Reading about him stirred up a spirit of rebellion within me, and it was because of what I had read about Galileo, the more I read about him, the more I had read about the so-called Holy Office and the Inquisition, the more rebellious and anti-establishment I became in my teenage years, and the more I resented anybody around me with an authoritarian attitude.

In later years, when I was in my late 20s, I was in another library when I came across an old looking book about the Inquisition. When I opened it, I noticed that the book was indeed very old because it had a 1900 copyright date on it and the pages were yellow with age.

The book was written by someone named Ingersoll. It was titled A SHORT HISTORY OF THE INQUISITION, yeah, like, short my ass!!! The title was a misnomer because it was anything but a "short" history. The book had over 2000 pages!

It took me over a week to finish reading it. Yes, it gave me nightmares! I would be reading for about an hour, then I had to put the book down, but then after about 10 or 15 minutes later, I had to go back to that book again. It kept drawing me back. It was the most disturbing, the most revolting, and at the same time, the most addictive book I had ever read.

Sometimes when you read a book, the book reads you!

It was the most disturbing book I had ever read. It exposed some of the most gruesome details of the Inquisition from the years 1100 to about 1830 which is about how long the Inquisition lasted, over 700 years of pure Hell on earth.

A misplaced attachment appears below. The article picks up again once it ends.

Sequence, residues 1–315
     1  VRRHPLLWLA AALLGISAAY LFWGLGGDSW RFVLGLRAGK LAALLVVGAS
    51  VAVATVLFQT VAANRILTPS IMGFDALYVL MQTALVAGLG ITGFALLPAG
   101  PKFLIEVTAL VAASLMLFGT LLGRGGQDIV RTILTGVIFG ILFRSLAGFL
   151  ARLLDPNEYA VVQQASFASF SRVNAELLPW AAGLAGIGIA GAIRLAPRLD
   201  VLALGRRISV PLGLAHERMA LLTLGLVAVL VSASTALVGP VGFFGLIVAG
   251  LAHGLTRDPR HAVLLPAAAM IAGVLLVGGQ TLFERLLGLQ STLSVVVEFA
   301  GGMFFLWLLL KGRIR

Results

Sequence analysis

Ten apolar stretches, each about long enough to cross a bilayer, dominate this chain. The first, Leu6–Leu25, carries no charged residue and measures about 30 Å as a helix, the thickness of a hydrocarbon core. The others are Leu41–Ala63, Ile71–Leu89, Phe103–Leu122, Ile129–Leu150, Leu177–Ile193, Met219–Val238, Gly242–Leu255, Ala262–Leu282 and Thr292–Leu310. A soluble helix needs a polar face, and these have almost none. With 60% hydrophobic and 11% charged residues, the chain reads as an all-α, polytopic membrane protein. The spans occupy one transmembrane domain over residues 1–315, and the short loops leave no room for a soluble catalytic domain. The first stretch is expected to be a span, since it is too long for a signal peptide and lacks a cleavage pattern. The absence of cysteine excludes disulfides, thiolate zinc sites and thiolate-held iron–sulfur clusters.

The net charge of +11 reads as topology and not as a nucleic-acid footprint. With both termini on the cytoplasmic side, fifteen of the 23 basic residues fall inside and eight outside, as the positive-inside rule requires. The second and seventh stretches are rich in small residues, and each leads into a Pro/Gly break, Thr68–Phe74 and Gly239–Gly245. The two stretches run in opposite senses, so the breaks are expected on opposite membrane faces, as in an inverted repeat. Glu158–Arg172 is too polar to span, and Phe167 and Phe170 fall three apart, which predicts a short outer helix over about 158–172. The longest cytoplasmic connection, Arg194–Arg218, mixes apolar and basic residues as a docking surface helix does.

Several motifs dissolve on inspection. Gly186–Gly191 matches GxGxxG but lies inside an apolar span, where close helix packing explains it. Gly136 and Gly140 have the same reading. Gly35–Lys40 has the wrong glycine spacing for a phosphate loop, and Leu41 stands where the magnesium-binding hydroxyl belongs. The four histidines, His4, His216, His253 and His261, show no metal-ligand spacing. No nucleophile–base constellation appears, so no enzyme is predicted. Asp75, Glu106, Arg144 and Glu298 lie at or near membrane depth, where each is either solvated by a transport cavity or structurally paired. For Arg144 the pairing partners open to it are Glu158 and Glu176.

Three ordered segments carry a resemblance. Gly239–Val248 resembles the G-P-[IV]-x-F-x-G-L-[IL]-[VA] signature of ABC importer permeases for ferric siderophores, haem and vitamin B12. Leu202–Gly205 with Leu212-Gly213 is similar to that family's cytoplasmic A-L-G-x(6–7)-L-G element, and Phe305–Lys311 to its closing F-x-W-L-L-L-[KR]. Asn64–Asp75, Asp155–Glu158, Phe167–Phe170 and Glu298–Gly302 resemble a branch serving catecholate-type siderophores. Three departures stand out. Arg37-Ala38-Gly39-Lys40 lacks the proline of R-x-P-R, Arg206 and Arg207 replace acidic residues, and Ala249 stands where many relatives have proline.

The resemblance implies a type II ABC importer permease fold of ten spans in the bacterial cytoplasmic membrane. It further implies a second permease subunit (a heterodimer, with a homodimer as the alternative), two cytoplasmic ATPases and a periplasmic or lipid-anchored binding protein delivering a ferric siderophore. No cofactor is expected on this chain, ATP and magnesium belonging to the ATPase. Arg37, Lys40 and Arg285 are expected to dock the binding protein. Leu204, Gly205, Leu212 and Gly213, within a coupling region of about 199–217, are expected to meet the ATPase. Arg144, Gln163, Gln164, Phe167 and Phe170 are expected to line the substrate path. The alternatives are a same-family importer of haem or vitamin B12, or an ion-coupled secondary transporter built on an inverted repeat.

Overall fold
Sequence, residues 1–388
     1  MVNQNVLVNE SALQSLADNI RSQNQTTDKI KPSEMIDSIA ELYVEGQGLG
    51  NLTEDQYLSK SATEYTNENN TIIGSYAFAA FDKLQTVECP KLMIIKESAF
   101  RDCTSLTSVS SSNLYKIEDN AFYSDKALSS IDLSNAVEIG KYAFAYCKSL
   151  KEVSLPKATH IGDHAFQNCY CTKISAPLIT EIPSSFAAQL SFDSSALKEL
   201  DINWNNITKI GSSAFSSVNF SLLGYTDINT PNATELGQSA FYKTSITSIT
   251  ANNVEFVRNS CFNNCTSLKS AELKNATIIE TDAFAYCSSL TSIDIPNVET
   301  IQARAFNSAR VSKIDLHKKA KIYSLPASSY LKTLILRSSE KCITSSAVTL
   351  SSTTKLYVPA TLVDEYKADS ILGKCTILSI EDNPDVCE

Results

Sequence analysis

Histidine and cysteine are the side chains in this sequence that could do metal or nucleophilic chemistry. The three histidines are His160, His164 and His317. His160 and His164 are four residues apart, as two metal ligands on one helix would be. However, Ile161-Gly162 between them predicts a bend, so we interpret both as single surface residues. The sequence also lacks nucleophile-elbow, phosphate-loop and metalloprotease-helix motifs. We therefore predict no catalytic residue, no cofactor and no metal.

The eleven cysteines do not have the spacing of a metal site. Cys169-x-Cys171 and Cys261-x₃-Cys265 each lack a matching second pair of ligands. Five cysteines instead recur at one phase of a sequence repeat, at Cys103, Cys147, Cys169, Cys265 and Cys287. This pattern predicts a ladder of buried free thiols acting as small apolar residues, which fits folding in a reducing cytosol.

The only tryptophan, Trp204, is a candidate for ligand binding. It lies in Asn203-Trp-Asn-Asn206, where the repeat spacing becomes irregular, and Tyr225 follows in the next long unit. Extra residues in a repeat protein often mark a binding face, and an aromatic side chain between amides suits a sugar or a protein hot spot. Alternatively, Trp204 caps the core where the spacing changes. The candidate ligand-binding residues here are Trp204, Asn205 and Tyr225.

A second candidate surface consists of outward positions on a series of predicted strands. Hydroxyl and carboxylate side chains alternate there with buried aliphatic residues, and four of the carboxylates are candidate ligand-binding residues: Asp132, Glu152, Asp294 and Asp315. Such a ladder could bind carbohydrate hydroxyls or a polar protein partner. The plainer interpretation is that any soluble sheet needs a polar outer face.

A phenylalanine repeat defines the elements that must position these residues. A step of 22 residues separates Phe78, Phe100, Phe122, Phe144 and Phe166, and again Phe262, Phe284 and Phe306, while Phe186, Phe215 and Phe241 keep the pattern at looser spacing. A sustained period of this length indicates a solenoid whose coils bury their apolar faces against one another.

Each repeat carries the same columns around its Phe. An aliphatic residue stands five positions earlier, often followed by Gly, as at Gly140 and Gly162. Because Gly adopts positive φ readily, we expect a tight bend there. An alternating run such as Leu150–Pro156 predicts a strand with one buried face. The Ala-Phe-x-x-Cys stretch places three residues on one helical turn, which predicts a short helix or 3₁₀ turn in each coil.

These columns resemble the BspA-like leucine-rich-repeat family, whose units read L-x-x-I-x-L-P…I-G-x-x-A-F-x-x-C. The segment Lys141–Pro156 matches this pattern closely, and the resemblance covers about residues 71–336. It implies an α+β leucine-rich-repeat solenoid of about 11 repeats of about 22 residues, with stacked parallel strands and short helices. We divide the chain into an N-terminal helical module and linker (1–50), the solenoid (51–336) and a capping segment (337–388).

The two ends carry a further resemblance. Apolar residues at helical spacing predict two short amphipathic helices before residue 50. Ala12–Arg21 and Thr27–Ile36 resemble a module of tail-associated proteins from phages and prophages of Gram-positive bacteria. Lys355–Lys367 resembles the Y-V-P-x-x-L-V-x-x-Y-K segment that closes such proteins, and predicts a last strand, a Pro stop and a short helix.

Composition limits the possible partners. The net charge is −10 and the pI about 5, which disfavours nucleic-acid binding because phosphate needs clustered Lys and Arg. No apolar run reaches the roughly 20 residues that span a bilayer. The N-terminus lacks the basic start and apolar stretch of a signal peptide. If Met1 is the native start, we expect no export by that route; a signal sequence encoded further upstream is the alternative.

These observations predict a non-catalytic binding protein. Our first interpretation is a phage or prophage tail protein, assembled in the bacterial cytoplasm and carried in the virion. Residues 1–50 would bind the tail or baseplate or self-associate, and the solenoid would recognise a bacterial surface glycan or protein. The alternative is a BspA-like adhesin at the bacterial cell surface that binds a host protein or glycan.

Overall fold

The book also went into the history of slavery in the USA during the Civil War years, and I learned stuff I was never taught in school, the really gruesome details of how slaves were punished.

I'm glad I got a chance to read that book, and I would highly recommend it to anyone who is seeking the whole truth behind the Inquisition. But be warned! That particular book will draw you into it, and won't let you go until you have finished reading it, and long after you have finished it and returned it to the library, that book will stay with you for the rest of your life. I should know, because I'll never forget it. I'll carry that book within me for the rest of my life.

Incidentally, the book was published by THE TRUTH SEEKER COMPANY.  

Anyway . . . . .

Sometime after Galileo had died, somebody cut off a couple of fingers from his corps, his thumb and middle finger, which is now on display in a museum in Florance Italy.

His middle finger is on display in a glass case, and it's almost as if his middle finger is raised in a gesture of defiance.

Well, out of respect for Galileo, I'm not going to post an image of it. I feel that it was highly disrespectful for anyone to cut off pieces of his corps.

Why couldn't they just let dear gentleman rest in peace!!!

Anyway . . . . . . . once again, I post the YouTube link to the music video with the song about Galileo.

Galileo Galilei (Lyrics by Jugnutgut aka Rob)

Galileo Galilei

He was a man of science
A giant of his day
He unraveled mysteries
Galileo . . . Galileo Galilei

He looked thru the looking glass
And saw a new display
He saw the moons of Jupiter
Galileo . . . Galileo Galilei

Oh Oh Galileo
Oh Oh Galilei
Oh Oh Galileo
Galileo Galilei

He studied spots on the Sun
His knowledge, he'd convey
He told us how and why things moved
Galileo . . . Galileo Galilei

He said the Earth was not the center
That was not the way
It was the Sun and not the Earth
Galileo . . . Galileo Galilei

Oh Oh Galileo
Oh Oh Galilei
Oh Oh Galileo
Galileo Galilei

Some did not approve
Of all he had to say
They said he must be silent
Galileo . . . Galileo Galilei

He was a man of science
A giant of his day
He unraveled mysteries
Galileo . . . Galileo Galilei

Rest in peace dear Galileo
Big Fat Heretic